Book Review: The Discomfort of Evening by Marieke Lucas Rijneveld

Rating: ๐ŸŒŸ๐ŸŒŸ๐ŸŒŸ๐ŸŒŸ

Publisher: Faber & Faber

Genre: Fiction, Psychological thriller, Literary Fiction.

Review in one word: Subconscious

Originally published in Dutch and winning the Man Booker International Prize in 2018, Lucas Rijneveld’s debut novel captures in bloody, beastly and corporeal detail the lives of a dysfunctional farming family in the rural Netherlands, some time in the 1990s. The protagonist Jas has a powerful, unconventional narrative voice, she is a preteen aged about 12.

When Jas’s brother falls through the ice and unexpectedly dies – deep cracks and fissures form in the family’s connective tissue. They become floating satellites unmoored from each other and are increasingly destructive towards each other as the book progresses.

There is a low almost inaudible hum that is created by this writing. It’s the constant buzz of mental illness, family trauma, blooming pre-pubescent sexual longing, all against the background of a fundamentalist Christian world view.

In the hands of a less skilled writer, this book would be boring and unreadable. However Lucas Rijneveld has turned a deeply dysfunctional, unhappy and unpredictable family into a work of art with her words alone – this is a magnificent achievement.

โ€œI was ten and stopped taking off my coat. That morning, Mum had covered us one by one in udder ointment to protect us from the cold.โ€

โ€• Marieke Lucas Rijneveld, The Discomfort of Evening

Jas turns to obsessive compulsive behaviours and strange beliefs, which she holds like a protective talisman to come to terms with the chaos of her family. Her older brother and father have malevolent and abusive tendencies. Her mother checks out completely from her body. Circumstances in the family take a dramatic turn (I won’t reveal how here, as I will give away the plot). Suffice to say that this is a strange, pitch black world of driving rain and very little light.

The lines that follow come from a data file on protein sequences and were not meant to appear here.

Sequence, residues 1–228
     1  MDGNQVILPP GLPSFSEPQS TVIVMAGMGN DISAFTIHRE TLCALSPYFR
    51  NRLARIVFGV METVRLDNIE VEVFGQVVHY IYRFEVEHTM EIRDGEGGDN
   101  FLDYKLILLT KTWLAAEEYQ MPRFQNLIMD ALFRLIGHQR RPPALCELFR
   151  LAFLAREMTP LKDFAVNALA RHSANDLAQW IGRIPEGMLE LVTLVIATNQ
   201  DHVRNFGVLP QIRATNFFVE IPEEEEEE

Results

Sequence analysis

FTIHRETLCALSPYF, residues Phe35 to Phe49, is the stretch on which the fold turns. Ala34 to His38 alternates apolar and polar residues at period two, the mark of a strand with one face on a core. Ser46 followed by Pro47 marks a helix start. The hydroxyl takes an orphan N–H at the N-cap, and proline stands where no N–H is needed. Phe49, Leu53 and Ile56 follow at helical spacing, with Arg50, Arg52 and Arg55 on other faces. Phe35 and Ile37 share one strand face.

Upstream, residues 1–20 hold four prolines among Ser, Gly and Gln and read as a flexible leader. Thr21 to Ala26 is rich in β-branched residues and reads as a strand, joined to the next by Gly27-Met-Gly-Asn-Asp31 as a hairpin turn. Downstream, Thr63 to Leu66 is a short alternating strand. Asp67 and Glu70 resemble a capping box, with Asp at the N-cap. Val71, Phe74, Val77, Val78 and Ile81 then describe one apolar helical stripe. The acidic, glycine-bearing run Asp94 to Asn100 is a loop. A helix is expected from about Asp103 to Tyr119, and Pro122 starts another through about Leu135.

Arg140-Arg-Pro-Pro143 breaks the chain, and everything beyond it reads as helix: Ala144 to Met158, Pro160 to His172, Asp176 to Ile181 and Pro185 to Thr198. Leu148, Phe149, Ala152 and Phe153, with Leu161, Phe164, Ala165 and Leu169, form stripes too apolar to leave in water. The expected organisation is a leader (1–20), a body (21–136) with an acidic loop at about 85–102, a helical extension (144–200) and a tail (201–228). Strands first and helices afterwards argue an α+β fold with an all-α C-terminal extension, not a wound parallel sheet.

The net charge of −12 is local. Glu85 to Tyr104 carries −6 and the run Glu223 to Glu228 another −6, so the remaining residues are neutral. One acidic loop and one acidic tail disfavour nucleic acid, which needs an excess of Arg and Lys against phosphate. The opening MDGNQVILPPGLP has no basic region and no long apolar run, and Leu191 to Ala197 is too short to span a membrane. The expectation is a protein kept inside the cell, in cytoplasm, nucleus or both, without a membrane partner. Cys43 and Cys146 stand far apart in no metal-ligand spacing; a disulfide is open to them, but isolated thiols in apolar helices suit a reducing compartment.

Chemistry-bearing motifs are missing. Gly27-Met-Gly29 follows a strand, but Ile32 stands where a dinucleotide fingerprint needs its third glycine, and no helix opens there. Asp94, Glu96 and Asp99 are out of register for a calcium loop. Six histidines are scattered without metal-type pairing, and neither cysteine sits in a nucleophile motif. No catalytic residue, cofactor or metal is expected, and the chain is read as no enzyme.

โ€œEven the Big Bear from my favourite picture book, who takes down the moon every night for the Little Bear who is afraid of the dark, is hibernating.โ€

โ€• Marieke Lucas Rijneveld, The Discomfort of Evening

Normally I would not enjoy such a novel, with such disturbing and confronting themes. However this is written in such a beautiful poetic way that the book cannot simply be abandoned. Instead, it is compulsively readable and in a strange way enjoyable.

This is a book with loads of dark themes and symbols. Although told from the perspective of a child, this book is far from being suitable for children – there is a fair share of Nazi symbolism, animal cruelty, graphic violence and child abuse in here.

This book is “enjoyable” in the same way as it is terrifying to look at a grotesque Francis Bacon painting.

Jas is a unique, oddball and alien narrator of her chaotic world. Her understanding of the world rings true and authentic.

โ€œNobody knows my heart. Itโ€™s hidden deep beneath my coat, my skin, my ribs. My heart was important for nine months inside my motherโ€™s belly, but once I left the belly, everyone stopped caring whether it beat enough times per hour. No one worries when it stops or begins to beat fast, telling me there must be something wrong.โ€

โ€• Marieke Lucas Rijneveld, The Discomfort of Evening

If this all sounds very unpleasant and awful – it is! However, this is one of those ingenious books that is deeply shocking but can never be abandoned half way – it is simply too good, too compulsive to keep going.

The reader is able to appreciate its grotesque beauty of The Discomfort of Evening, while being shocked and disgusted at the same time. I would recommend reading it, although it may scare the pants off you. Like any great psychological thriller or horror it haunts your mind and stays with you for many weeks afterwards.

Published by Content Catnip

Content Catnip is a quirky internet wunderkammer written by an Intergalactic Space Mฤori named Content Catnip. Join me as I meander through the quirky and curious aspects of history, indigenous spirituality, the natural world, animals, art, storytelling, books, philosophy, travel, Mฤori culture and loads more.

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